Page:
Prevention of IL-1β–and IFN-γ–induced cell death by SIRT1 overexpression.
A reduction in SIRT1 protein levels in cytokine-induced pancreatic β-cell toxicity model raises the possibility that overexpression of WT- or DN-SIRT1 might modulate the cytokine toxicity. To address this question, RIN cells were infected with retroviruses expressing WT-SIRT1 or DN-SIRT1. Overexpression of SIRT1 was demonstrated by Western blotting and HDAC activity assay (Fig. 2A and B). Next, we compared control and SIRT1-overexpressing RIN cells on cytokine toxicity. RIN cells were exposed to cytokine for 48 h, and their viabilities were assessed using an MTT assay (Fig. 3A). Treatment with IL-1β alone or IL-1β and IFN-γ significantly reduced the cell viability to 80.6 ± 10.6 and 48.4 ± 1.7% of that of the control, respectively. Conversely, SIRT1-overexpressing RIN cells were resistant against cytokine, whereas DN-SIRT1–overexpressing RIN cells were more sensitive to cytokine. The protective effect of SIRT1 overexpression on cytokine-induced cytotoxicity was further confirmed by measuring the BrdU incorporation in RIN cells (Fig. 3B). Results were similar to those of MTT assay.
Effect of SIRT1 overexpression on IL-1β–and IFN-γ–induced iNOS expression and NO production.
It has been reported that IL-1β–and IFN-γ–mediated destruction of β-cells is caused by an increase of NO (24,25). Incubation of RIN cells with cytokine for 24 h resulted in significant production of nitrite (a stable oxidized product of NO) by these cells (Fig. 4A). However, SIRT1 overexpression significantly diminished the cytokine-mediated nitrite production, and this reduction was well correlated with the lowered cytotoxicity of the cells (Fig. 3). To examine whether SIRT1 overexpression inhibited NO production via suppression of iNOS expression, the changes in iNOS mRNA and proteins were investigated by real-time PCR and Western blot analysis, respectively (Fig. 4B and C). iNOS mRNA and protein expressions were markedly increased in cells treated with cytokine, whereas SIRT1-overexpressing cells showed suppressed expression of both the mRNA and protein levels of iNOS. In contrast, nitrite production and iNOS expression were significantly increased in DN-SIRT1–overexpressing RIN cells compared with control cells (P < 0.01).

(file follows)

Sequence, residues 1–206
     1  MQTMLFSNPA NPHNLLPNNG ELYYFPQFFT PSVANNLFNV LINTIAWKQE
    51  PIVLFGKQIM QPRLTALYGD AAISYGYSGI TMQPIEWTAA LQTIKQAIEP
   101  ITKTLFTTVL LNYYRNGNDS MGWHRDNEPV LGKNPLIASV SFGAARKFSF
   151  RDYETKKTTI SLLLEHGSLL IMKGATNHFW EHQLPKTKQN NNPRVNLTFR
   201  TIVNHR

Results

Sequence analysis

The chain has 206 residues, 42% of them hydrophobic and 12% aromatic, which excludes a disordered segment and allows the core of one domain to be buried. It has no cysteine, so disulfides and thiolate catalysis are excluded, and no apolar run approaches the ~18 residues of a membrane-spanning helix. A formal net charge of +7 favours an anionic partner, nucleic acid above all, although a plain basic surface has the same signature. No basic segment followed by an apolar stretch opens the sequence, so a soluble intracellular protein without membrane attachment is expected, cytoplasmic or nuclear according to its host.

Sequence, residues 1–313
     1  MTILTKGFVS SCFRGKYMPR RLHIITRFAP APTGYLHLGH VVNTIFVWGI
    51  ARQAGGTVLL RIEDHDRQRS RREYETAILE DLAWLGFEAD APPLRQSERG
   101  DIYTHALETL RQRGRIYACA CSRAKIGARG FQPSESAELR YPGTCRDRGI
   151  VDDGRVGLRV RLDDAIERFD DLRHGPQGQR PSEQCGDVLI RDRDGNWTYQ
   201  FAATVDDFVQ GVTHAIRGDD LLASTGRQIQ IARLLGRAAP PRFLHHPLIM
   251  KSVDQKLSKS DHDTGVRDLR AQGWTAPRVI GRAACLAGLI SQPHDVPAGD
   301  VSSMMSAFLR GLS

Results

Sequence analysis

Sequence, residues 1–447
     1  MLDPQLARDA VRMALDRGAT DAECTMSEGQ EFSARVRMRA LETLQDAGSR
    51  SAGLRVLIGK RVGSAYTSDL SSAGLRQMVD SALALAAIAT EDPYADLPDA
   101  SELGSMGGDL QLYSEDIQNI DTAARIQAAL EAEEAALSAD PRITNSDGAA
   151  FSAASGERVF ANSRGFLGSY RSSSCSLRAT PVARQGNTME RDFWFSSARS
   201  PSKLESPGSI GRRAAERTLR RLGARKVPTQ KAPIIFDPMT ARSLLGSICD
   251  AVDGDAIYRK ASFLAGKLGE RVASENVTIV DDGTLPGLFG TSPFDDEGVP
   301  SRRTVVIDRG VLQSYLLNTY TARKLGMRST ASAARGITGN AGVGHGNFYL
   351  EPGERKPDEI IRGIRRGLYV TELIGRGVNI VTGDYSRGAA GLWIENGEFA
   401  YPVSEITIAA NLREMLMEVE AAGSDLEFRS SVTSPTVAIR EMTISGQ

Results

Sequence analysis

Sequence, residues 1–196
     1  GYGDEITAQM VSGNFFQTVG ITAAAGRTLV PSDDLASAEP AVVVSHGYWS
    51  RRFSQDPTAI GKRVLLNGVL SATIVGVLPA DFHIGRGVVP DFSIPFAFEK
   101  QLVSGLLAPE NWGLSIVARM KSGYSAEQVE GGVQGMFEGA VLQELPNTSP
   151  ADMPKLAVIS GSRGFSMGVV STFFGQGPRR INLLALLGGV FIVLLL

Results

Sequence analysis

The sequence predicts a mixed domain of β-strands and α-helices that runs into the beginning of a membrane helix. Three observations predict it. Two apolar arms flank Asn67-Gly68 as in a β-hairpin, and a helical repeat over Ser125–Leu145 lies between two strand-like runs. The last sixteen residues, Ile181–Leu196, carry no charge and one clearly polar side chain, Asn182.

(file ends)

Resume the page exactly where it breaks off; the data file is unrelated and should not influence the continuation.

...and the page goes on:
Effect of SIRT1 overexpression on IL-1β–and IFN-γ–induced activation of NF-κB pathway.
NF-κB has been implicated in the transcriptional regulation of cytokine-induced iNOS expression. Therefore, we studied the effect of SIRT1 on the cytokine-stimulated NF-κB activation pathway. Cytokine-treated RIN cells showed increased DNA binding and transcriptional activities of NF-κB, as demonstrated by electrophoretic mobility shift assay (EMSA) and luciferase reporter assay, respectively (Fig. 5A and B). Additionally, Western blot analysis confirmed the increased nuclear translocation of the p65 subunit (Fig. 5C). However, SIRT1-overexpressing cells showed significant decrease of NF-κB activity compared with control cells. Much evidence has shown that acetylation of p65 at lysine residues (particularly at 310) is required for the full transactivation function of p65 (9,26,27). We therefore determined whether the SIRT1 overexpression has any role on NF-κB acetylation. To address this question, cytokine was added for 1 h, and whole-cell lysates were prepared and analyzed by Western blotting using anti–acetyl-lysine p65 antibody. The addition of cytokine effectively acetylated p65 in RIN cells. On overexpression, SIRT1 suppressed the cytokine-induced acetylation of p65, whereas DN-SIRT1–overexpressing cells increased the acetylation of p65 compared with control cells (Fig. 5C). Because SIRT1 overexpression protected cytokine-induced β-cell death, we tested whether resveratrol, a SIRT1 activator, modulated the cytokine toxicity. We first confirmed the activation of HDAC activity in RIN cells after treatment with resveratrol (Fig. 6A). Similar to the results obtained using the SIRT1-overexpressing RIN cells, pretreatment with resveratrol abolished the effects of the cytokines and resulted in levels of NO production and iNOS expression in terms of both mRNA and protein levels that were similar to those of the controls (Fig. 6B). Additionally, NF-κB transcriptional activity and acetylation of p65 induced by cytokine treatment was markedly suppressed by resveratrol (Fig. 6C and D).
Prevention of IL-1β–and IFN-γ–induced β-cell damage in islets by resveratrol or Ad-SIRT1.